In the ever-evolving world of cybersecurity, understanding and anticipating threats has become a critical necessity. One such threat is the notorious Lazarus Group, known for their sophisticated cyber attack tactics. This blog delves into the specific TTPs (Tactics, Techniques, and Procedures) attributed to the Lazarus Group and potential ways to hunt for these activities in network logs.
The Lazarus Group has been known to leverage various techniques for gaining initial access to systems, such as Phishing via DOCX files and using LNK files within RAR archives. Threat hunters can look for specific anomalies such as subprocesses of
winword.exe spawning LOLBAS. Additionally, any browser with a command line parameter containing “.pdf”, or
cmd.exe with “mkdir” or “copy” in the process command line, may indicate malicious activity【6†source】【7†source】.
Once access is gained, the group often uses scheduled tasks to execute remote payloads via
wmic.exe. Hunting for this activity could involve looking for
svchost.exe with “Schedule” in the command line spawning any child process with “http” or “https” in the child command line, or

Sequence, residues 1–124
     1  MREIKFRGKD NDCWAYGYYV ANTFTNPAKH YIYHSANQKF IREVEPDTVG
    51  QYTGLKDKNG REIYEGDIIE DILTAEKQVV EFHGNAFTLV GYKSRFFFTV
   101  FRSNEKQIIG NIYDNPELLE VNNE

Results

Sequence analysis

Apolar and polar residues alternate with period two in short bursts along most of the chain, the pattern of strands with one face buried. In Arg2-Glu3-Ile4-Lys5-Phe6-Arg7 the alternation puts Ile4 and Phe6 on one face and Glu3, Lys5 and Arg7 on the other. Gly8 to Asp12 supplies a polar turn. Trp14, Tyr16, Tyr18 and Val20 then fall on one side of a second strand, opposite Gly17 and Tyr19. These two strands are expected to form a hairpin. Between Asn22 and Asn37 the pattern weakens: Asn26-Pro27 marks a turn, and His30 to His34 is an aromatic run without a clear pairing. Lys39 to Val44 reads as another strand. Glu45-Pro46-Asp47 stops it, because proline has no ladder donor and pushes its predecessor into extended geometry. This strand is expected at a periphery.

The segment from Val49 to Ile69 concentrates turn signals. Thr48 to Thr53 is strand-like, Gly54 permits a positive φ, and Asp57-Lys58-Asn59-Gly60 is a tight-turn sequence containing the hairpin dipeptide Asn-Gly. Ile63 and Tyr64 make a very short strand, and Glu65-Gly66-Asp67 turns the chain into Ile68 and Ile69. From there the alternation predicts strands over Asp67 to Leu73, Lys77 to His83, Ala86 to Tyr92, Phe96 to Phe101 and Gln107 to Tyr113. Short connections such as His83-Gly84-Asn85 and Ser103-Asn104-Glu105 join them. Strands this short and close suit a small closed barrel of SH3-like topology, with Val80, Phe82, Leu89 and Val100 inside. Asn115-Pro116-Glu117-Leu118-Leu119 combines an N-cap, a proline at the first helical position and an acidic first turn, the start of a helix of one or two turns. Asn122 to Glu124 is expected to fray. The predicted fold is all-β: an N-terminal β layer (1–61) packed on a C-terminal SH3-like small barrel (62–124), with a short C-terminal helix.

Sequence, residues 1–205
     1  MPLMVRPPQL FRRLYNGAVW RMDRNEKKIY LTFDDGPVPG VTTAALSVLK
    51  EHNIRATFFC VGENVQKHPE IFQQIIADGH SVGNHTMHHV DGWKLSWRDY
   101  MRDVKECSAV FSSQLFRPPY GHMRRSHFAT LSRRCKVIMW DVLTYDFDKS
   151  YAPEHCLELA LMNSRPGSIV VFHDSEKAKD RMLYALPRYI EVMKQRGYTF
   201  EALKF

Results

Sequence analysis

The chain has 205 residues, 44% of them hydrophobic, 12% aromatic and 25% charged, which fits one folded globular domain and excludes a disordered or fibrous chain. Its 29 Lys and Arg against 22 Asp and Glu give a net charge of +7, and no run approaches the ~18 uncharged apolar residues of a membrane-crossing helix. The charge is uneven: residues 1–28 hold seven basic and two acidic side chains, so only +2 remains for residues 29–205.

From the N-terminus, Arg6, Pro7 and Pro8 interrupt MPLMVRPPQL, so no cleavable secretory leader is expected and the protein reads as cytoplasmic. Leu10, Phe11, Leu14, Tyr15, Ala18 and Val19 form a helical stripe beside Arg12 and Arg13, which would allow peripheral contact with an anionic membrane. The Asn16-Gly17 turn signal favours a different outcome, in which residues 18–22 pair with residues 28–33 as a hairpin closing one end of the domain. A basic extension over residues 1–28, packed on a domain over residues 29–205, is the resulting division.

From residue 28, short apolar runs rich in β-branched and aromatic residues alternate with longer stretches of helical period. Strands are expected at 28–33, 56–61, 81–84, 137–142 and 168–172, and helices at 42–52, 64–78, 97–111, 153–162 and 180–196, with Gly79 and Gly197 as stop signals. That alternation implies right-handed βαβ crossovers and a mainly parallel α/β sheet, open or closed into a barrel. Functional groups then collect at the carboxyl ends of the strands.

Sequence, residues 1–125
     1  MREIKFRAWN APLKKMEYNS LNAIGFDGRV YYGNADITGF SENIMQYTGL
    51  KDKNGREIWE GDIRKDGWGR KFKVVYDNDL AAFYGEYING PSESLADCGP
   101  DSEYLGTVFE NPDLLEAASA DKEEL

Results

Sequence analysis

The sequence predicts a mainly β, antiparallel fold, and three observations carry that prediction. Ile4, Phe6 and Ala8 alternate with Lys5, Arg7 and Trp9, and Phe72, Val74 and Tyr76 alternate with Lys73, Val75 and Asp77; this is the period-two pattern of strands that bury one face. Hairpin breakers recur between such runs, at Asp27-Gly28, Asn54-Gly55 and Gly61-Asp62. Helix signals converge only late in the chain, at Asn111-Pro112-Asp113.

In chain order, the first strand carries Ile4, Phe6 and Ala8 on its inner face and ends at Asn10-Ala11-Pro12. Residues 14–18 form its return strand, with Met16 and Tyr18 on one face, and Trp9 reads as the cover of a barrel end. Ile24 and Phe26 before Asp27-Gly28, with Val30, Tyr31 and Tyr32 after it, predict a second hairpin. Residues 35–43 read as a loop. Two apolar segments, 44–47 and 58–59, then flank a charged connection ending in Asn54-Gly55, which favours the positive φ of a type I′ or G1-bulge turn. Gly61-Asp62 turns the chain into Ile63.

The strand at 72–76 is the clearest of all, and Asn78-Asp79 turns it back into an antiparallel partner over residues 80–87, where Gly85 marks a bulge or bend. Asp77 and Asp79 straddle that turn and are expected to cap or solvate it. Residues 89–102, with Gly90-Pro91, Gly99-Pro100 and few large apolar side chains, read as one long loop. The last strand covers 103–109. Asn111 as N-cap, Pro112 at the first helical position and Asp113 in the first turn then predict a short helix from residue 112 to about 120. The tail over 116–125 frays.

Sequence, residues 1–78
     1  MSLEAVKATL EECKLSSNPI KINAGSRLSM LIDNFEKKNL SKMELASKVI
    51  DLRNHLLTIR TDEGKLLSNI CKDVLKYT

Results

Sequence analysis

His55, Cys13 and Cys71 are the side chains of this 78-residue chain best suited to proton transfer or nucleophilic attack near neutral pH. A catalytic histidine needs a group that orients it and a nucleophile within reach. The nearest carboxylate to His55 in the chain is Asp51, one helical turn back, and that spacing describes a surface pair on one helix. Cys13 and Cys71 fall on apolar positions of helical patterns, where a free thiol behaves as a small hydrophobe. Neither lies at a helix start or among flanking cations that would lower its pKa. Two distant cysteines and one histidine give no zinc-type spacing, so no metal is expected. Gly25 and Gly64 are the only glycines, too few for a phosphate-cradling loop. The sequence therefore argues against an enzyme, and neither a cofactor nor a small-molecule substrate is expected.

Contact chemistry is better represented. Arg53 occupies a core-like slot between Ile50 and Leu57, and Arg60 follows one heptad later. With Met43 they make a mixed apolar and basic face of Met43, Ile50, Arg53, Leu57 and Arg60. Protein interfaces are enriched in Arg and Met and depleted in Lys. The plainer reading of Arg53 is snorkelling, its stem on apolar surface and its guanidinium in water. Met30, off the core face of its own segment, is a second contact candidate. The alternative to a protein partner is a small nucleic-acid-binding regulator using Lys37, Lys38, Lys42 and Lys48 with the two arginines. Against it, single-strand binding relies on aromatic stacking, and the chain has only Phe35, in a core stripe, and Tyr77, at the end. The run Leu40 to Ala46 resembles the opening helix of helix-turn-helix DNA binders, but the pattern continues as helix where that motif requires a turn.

taskeng.exe spawning any child process with “http” or “https” in the child command line【8†source】.
Evasion is a key part of the Lazarus Group’s playbook. They’ve been known to use PowerShdll for executing PowerShell via DLL,
certutil.exe to decode payloads, and
regsvr32.exe to execute malware. They’ve also been seen using DOCX files with remote templates and VS Code to launch malicious
powershell.exe scripts. This provides a range of hunting opportunities for cybersecurity professionals【9†source】【10†source】【11†source】【12†source】【13†source】.
The Lazarus Group uses
wmic.exe for lateral movement, executing code on other machines. Any process command line containing “/node:” and “PROCESS CALL CREATE” can potentially indicate this activity【14†source】.
To maintain persistence, the group puts a LNK file in startup that calls a binary in %TEMP%, disguised as Google Update. There are several potential hunting points here, including all processes with a parent of
explorer.exe and grandparent of
explorer.exe spawning a binary located in any folder path containing “Temp” or “Tmp”, or
powershell.exe which spawns another binary located in any folder path containing “Temp” or “Tmp”【15†source】.
While these techniques provide a way to detect the Lazarus Group’s activities, it’s important to note that these are not exhaustive, and a clean sweep of these hunts does not guarantee a secure network. Cybersecurity requires continuous vigilance and adaptation to evolving threats. The Lazarus Group is just one among many, and the techniques they employ today may change tomorrow.